Additionally, this Strategic Plan includes information about our performance standards initiative, which includes, for example, related parties, fair value measurements, the use of specialists, and firm supervision.

Our Inspections staff continues to find high rates of audit failures in the area of revenue recognition and this topic, as well, should be addressed in 2014.


The Board will also continue to monitor current events and emerging trends that may lead to increased audit risk. For example, cybersecurity risk recently has become a topic of concern for the Securities and Exchange Commission and other financial regulators.[1] Such risk pose significant issues for companies such as: increased security costs; loss of material intellectual property; claims by customers; and litigation. Therefore, I believe that auditors must examine the internal controls companies have in place to address such risks. I think it important that the Board will consider forming an internal task force and preparing a practice alert related to cybersecurity and its impact on audits. I support the formation of such a task force and the issuance of an audit alert, if the Board deems such an alert appropriate.

International Initiatives

The Board's international agenda, as described in the Strategic Plan, captures the increasingly important role that the Office of International Affairs plays at the Board.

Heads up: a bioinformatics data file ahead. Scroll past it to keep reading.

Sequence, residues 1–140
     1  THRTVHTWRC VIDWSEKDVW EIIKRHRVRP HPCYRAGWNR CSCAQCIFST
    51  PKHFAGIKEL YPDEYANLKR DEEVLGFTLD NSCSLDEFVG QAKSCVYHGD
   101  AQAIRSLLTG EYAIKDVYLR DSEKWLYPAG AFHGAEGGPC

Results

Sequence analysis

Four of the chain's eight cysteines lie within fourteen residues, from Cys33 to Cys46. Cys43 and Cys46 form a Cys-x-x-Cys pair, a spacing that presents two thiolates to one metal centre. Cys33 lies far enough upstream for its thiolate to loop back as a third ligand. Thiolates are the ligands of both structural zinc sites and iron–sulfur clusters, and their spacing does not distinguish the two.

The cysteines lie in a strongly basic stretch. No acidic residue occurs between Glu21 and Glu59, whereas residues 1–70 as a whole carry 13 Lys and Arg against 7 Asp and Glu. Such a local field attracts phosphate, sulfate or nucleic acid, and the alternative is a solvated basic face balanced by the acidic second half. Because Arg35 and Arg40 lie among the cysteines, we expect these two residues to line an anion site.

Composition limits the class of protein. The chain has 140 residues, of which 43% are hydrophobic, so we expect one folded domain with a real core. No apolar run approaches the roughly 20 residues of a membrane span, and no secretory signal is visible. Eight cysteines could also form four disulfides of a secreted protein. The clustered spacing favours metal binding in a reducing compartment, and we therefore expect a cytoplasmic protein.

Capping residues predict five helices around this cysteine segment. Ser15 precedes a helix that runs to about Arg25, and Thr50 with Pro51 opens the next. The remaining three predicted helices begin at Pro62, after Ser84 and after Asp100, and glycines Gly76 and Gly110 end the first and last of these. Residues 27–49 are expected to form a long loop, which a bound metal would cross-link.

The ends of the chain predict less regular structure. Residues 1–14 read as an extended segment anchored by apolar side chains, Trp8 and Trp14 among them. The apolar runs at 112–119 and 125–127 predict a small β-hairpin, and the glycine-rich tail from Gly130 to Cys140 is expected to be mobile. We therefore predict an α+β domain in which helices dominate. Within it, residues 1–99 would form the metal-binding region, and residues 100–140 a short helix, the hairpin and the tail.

In addition to negotiating agreements and memoranda of understanding with a large number of our foreign counterparts, the Budget and Strategic Plan note the United States' role in chairing the International Forum of Independent Audit Regulators (IFIAR), a group consisting of some 46 independent audit regulators from around the world.

As noted in the Strategic Plan, "PCAOB inspections continue to find high rates of deficiencies at the global networks." Under the Chairmanship of Lewis Ferguson, IFIAR has initiated and published its first survey of inspection findings across its member regulators and has committed to repeat this survey annually. What the survey results clearly demonstrate is that regulators around the world are encountering similar issues with respect to audit quality.

The Strategic Plan recognizes that our participation in international forums like IFIAR will enable us to contribute to the international dialogue about how regulators can address these issues in a meaningful and timely manner.

A brief word on China. While we have made some progress in improving our relationship with the China Securities Regulation Commission and the Ministry of Finance, we must continue to work towards a broader agreement that enables us to inspect PCAOB-registered firms in China. I also believe that the Board needs to actively consider alternative actions with regard to jurisdictions that disallow PCAOB inspections in order to remain faithful to our legislative mandate.

Timely Remediation

I fully support our ongoing focus on timely remediation of the Board's Inspections Division findings.

In 2013, our Inspections staff made significant inroads in addressing the backlog in remediation determinations relating to its inspection findings and providing additional information about the remediation process. The 2013-2017 Strategic Plan builds on these efforts by requiring that we update the PCAOB's 2006 remediation release to further enhance firms' understanding of the Board's criteria and process for evaluating their remedial actions. I support this updated release being completed in 2014.

Root Cause Analysis